Exercise: Working from a photograph


Slopes of Mount Snowdon, acrylics, 40 x 28cm

Choose a landscape photo with plenty of space and either tall trees in the middle ground or mountains in the background…

My inspiration for this project started with the work of Gwilym Prichard, a highly  accomplished and much admired Welsh painter who, sadly, died this year. I am captivated by his work which I have studied on the internet and found myself lingering over this landscape painting of Snowdon. I was particularly taken by the color palette,the  texture including the sense of the rock underpinning the landmass, and the way colour is applied in blocks.

snowdon2While obviously not wanting to copy Prichard’s work I found myself very excited  and wanted to have a go at mountain scene and work with a palette knife. I found a photograph of the slopes of Mount Snowdon (see left – I could not find the name of the photographer for a credit) on the internet and did some preparation work in my sketchbook to explore  how elements of this photograph might be used. Taking my lead from Prichard’s work I decided to use a relatively small section of the  scene.

Sketchbook exploratory drawings/watercolours 


Sketch 1







Sketch 2


Sketch 3


Sketch 4


Sketch 5


Sketch 6






I choose to work with Sketch 2 because of the teeth like contours of the rock and the peak in the distance but 3 and 5 also felt like workable options… and provide me with material to return to in future.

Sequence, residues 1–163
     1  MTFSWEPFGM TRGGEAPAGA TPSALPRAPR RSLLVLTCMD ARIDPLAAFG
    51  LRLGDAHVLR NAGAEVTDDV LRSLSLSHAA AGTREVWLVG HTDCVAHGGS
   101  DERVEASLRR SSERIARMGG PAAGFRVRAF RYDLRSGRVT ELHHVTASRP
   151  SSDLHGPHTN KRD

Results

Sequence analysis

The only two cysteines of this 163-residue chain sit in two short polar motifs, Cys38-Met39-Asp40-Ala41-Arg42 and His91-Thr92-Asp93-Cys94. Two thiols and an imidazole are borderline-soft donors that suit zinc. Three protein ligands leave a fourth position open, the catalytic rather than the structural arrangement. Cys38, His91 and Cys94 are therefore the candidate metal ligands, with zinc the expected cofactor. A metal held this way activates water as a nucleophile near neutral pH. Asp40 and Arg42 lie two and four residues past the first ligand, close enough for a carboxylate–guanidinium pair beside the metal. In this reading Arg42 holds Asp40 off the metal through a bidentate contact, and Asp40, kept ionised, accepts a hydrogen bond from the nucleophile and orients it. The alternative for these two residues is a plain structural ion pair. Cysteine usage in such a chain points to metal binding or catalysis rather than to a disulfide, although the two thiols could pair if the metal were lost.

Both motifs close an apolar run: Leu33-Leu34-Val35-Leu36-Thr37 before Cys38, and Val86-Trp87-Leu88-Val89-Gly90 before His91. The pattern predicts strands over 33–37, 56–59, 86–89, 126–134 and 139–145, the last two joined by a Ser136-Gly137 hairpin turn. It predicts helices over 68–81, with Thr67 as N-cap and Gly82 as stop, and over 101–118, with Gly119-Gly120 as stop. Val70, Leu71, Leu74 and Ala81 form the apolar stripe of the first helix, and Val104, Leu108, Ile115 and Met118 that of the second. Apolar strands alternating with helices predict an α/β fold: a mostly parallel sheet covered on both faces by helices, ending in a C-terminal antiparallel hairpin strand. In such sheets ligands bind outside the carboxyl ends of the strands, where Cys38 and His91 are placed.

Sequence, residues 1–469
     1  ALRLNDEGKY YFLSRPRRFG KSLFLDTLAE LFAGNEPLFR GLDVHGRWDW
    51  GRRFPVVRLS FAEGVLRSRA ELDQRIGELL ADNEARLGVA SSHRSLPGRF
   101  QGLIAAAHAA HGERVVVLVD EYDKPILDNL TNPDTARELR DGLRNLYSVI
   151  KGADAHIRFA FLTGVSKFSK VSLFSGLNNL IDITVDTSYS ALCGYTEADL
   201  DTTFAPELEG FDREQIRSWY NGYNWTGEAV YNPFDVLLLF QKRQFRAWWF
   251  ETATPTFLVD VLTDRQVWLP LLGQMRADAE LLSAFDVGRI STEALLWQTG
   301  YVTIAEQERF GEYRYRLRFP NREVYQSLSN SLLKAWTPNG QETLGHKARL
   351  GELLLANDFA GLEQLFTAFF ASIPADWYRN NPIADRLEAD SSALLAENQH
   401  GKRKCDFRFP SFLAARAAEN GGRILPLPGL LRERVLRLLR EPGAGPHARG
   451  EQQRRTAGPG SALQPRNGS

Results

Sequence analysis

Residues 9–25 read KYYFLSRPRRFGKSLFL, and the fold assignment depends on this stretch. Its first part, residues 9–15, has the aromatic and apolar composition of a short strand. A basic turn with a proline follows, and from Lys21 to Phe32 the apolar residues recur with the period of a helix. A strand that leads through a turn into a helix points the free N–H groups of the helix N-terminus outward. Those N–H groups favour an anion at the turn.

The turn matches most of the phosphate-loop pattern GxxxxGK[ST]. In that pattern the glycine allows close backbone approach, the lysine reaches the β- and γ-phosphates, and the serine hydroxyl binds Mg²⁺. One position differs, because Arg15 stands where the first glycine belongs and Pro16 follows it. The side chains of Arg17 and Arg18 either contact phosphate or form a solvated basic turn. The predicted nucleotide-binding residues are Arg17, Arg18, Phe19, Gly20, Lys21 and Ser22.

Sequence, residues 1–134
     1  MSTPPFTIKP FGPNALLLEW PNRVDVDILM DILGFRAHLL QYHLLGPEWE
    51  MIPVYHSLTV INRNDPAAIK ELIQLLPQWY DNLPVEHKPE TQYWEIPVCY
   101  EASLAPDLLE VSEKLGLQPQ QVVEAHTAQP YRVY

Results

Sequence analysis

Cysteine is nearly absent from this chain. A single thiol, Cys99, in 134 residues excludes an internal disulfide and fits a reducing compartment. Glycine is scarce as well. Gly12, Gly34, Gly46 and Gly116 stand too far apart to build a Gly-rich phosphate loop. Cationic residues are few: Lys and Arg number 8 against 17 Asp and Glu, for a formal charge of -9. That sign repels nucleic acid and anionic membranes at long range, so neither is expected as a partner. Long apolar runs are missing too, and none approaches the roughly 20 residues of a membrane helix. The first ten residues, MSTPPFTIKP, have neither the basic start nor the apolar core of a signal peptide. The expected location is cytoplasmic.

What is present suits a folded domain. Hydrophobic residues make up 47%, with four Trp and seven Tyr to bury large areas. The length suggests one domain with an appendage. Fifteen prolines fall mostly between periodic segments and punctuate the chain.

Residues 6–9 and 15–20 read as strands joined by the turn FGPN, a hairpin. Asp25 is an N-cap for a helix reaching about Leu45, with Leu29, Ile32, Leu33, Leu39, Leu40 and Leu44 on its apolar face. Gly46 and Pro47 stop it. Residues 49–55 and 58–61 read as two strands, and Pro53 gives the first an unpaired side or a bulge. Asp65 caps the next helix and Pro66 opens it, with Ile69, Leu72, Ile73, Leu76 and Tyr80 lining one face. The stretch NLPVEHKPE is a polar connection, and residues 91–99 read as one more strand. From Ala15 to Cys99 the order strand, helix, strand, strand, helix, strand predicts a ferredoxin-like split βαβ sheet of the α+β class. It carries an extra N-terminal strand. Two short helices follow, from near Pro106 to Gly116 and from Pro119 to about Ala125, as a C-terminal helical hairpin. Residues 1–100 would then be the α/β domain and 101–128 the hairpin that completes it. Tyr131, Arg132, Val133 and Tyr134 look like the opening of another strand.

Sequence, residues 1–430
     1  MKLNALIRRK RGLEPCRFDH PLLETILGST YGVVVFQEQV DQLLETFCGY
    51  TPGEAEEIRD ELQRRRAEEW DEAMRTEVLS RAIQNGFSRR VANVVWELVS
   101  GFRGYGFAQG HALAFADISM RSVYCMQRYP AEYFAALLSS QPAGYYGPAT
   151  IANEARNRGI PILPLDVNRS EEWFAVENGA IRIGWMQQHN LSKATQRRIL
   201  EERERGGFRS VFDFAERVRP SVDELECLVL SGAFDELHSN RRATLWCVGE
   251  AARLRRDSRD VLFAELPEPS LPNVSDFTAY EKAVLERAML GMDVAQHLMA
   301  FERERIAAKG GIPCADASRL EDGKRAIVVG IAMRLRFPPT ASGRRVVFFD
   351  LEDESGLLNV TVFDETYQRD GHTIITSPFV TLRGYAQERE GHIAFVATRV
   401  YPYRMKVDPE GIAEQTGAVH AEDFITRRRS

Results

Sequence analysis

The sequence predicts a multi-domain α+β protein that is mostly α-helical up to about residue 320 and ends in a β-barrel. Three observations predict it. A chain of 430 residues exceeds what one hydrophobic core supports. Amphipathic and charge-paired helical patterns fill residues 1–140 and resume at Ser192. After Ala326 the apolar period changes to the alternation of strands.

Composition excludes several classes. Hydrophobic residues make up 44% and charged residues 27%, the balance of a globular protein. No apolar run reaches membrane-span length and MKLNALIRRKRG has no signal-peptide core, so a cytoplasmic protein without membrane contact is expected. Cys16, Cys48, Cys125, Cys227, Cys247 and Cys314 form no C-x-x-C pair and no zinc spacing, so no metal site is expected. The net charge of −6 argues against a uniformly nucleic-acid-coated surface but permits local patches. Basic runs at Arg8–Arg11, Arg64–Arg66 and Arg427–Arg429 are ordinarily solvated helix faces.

Interim under painting before applying acrylic mixed with PVA glue using a palette knife

I drew the broad shapes and then filled in with acrylics using a large brush, working quickly and loosely. Then I went back over the image with a palette knife using acrylic paint with a little PVA glue mixed in which enabled me to achieve a thicker, textured paint effect in key areas, such as the “teeth”.




When you’ve finished look at both the painting and the reference photo.


Finished painting









In what ways did you depart from the photo?

I used a section of the photo as discussed above and this I feel was a good decision as it gave my painting a clear focal point. Although I thought I was painting in quite a loose and abstract way when I look at the two together I realise that I have interpreted the scene very literally in terms of tone and form. This surprises me as I did not feel, as I was working, that I had a great deal of control over the palette knife.

Did you produce a painting that satisfied you or were you over influenced by the photo?

I am reasonably satisfied with this painting – even though the result is surprisingly representational it feels quite painterly and is for me  a welcome move away from the overworked brushwork I have been frustrated by. I will use a palette knife more – it has enabled me to bring greater depth and contrast to my painting and I enjoyed it much more than painting with a brush because I had to let go of some of the detail.

What I have not achieved is the blocks of colour in Prichard’s work… these I think bring a peace and harmony to his paintings. By contrast mine feels  busy and frenetic.

This was a very enjoyable and rewarding exercise for me both because of the pleasure in the process and also because I feel this painting represents a stride forward. Even though working from a photograph I still felt engaged… perhaps that’s because I spent many childhood holidays up mountains in Wales.


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